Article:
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Centennial Casting: A Mad Cap Tale of Deception, Love

Centennial Casting: A Mad Cap Tale of Deception, Love  1For Vincent Didonato and millions of other New Yorkers, dreams are made across the river on an island of tall buildings and bright marquees. Centennial Casting, the family’s metal shop, might as well be a world away. But what happens when those worlds collide?

Vincent is 47, single and lonely. The only woman in his life is his mother; she ran the family business. But her recent death has left him devastated.

He has nothing but the shop’s bolts and nuts, including the ones he works with, until he finds an 8-by-10 photograph of actress Edie Keaton buried in papers on his mother’s desk. He falls immediately in love.

He knows Edie belongs to that other world, the one he can never be a part of, until his co-workers come up with a daring and crazy plan to bring Vincent and Edie together.

Centennial Casting: A Mad Cap Tale of Deception, Love  2

Al Sapienza and Alicia Harding

That’s the premise of Centennial Casting, a winner of a play written by Gino DiIorio and Nancy Bleemer.

The Frank Licato directed comedy at the Arclight Theater stars “Sopranos” veteran Al Sapienza, who plays Vincent, supported by Anthony Alessandro, Alicia Harding, Howard Kaye and Maryann Towne.

Because of its name, Centennial Casting is often mistaken for a film casting agency by starry-eyed actresses looking for a break on Broadway or the big screen.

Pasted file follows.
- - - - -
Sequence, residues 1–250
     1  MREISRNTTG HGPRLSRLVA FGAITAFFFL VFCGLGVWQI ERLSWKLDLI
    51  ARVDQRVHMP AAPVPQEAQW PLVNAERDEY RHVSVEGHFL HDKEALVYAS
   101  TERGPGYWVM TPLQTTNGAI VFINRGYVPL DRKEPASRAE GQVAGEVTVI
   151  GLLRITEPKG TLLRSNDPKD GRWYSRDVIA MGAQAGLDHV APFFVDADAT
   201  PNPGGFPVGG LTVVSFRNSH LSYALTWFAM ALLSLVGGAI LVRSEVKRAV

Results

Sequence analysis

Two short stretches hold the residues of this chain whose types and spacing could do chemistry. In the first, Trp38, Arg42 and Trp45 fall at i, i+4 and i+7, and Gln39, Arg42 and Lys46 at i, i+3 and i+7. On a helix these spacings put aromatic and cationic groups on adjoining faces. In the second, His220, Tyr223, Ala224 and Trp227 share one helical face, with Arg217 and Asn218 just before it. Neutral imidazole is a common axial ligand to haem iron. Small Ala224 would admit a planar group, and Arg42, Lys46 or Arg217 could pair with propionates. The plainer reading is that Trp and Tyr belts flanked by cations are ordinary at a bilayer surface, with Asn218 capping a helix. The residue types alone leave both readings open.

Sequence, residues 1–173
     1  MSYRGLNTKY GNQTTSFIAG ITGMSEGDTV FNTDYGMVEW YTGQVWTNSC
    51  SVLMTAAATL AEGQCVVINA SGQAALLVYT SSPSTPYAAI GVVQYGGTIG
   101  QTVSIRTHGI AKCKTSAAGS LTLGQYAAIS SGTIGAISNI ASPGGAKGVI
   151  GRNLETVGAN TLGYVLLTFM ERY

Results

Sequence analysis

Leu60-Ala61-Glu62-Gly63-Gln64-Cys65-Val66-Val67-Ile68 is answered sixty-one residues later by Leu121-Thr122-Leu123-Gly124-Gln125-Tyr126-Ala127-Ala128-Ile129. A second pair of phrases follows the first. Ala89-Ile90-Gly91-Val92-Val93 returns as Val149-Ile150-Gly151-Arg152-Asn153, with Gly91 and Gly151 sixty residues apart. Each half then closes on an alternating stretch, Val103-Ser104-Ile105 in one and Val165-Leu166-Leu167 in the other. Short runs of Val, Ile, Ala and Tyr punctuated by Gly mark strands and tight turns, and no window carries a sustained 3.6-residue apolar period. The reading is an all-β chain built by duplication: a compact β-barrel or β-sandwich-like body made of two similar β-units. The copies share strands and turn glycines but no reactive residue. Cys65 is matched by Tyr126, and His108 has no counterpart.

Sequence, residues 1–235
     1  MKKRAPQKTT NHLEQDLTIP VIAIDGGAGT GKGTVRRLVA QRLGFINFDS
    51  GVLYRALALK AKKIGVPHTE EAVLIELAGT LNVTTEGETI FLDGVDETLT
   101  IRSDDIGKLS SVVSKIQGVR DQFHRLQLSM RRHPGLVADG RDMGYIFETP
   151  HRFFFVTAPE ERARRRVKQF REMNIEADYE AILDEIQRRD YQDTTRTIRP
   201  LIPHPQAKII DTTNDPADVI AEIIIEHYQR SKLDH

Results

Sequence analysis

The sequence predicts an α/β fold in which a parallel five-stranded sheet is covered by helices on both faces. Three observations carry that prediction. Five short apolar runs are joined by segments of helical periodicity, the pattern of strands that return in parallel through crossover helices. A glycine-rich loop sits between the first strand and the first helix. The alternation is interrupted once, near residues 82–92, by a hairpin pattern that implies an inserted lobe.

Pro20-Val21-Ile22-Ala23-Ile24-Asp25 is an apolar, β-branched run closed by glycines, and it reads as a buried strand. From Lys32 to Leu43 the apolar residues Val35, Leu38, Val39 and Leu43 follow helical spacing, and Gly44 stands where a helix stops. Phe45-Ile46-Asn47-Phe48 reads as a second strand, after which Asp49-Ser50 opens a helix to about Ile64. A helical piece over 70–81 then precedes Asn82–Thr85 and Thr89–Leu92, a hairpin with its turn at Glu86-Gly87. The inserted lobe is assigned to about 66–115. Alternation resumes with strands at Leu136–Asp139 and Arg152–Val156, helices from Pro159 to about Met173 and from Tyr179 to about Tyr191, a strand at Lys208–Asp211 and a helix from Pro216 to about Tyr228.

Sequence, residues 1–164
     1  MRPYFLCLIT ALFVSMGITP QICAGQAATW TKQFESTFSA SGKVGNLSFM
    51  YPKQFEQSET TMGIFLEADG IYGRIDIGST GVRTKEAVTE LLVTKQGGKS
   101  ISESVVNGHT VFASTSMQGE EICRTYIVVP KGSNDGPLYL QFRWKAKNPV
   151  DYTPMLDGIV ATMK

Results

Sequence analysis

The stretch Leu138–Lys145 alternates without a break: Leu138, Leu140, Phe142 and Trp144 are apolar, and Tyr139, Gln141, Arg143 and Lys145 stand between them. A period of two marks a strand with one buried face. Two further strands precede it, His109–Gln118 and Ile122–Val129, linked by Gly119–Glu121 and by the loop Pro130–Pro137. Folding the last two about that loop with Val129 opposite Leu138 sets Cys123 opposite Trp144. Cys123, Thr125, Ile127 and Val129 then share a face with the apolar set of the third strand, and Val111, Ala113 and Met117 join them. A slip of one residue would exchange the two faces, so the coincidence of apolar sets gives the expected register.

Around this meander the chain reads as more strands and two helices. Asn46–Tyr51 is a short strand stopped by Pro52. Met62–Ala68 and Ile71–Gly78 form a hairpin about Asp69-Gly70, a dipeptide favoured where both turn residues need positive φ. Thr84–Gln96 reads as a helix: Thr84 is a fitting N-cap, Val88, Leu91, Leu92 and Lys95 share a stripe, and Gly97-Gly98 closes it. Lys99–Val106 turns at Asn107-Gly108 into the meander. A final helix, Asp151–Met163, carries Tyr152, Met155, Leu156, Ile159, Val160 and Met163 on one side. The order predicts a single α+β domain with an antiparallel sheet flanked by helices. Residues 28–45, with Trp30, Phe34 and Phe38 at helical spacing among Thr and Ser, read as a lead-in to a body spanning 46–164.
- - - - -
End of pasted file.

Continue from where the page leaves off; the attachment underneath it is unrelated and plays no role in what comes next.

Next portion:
Getting their photos in the mail is nothing new for this crew. But this time, a madcap plot is hatched; employees set up a fake “casting” company for a fictitious film.

Vincent and his fellow characters are irascible tough-talking New Yorkers, but hapless Edie is so sweet and gullible she doesn’t suspect a thing. In fact, she can’t check her cellphone without accidentally deleting her messages.

Needless to say she usually strikes out with men.

The plot thickens when Vincent’s pal Doo-Doo phones Edie and asks her to come in for a casting call.

The clever comedy proves sometimes sparks fly in the most unexpected places, as Vincent begins living a hilarious double life of show business and sheet metal.

In the end, however, Vincent realizes that his elaborate ruse to meet Edie could jeopardize any chance of winning her love. How does he get out of this mess?

You’ll have to see this play to find that out.

The special limited run opened June 11th at The Arclight Theater 154 West 71st St. and runs through June 27th. The show plays Wednesday to Saturday at 8:00 PM. Sunday at 3 PM. Monday Eve at 7:00 PM.

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